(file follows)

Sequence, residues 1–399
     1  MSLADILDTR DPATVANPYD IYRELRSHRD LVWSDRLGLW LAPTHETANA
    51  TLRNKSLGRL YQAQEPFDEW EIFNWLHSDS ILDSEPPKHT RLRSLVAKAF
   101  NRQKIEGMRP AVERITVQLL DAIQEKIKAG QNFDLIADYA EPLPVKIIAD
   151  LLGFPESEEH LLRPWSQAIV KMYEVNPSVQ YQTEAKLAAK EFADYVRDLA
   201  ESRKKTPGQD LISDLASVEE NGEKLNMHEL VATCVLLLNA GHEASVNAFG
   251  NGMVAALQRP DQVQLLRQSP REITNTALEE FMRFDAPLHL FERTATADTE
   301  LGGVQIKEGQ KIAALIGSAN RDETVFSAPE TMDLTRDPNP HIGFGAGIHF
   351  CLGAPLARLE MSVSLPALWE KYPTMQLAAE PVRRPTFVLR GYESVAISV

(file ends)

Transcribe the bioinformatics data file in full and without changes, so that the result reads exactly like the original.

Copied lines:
Sequence, residues 1–399
     1  MSLADILDTR DPATVANPYD IYRELRSHRD LVWSDRLGLW LAPTHETANA
    51  TLRNKSLGRL YQAQEPFDEW EIFNWLHSDS ILDSEPPKHT RLRSLVAKAF
   101  NRQKIEGMRP AVERITVQLL DAIQEKIKAG QNFDLIADYA EPLPVKIIAD
   151  LLGFPESEEH LLRPWSQAIV KMYEVNPSVQ YQTEAKLAAK EFADYVRDLA
   201  ESRKKTPGQD LISDLASVEE NGEKLNMHEL VATCVLLLNA GHEASVNAFG
   251  NGMVAALQRP DQVQLLRQSP REITNTALEE FMRFDAPLHL FERTATADTE
   301  LGGVQIKEGQ KIAALIGSAN RDETVFSAPE TMDLTRDPNP HIGFGAGIHF
   351  CLGAPLARLE MSVSLPALWE KYPTMQLAAE PVRRPTFVLR GYESVAISV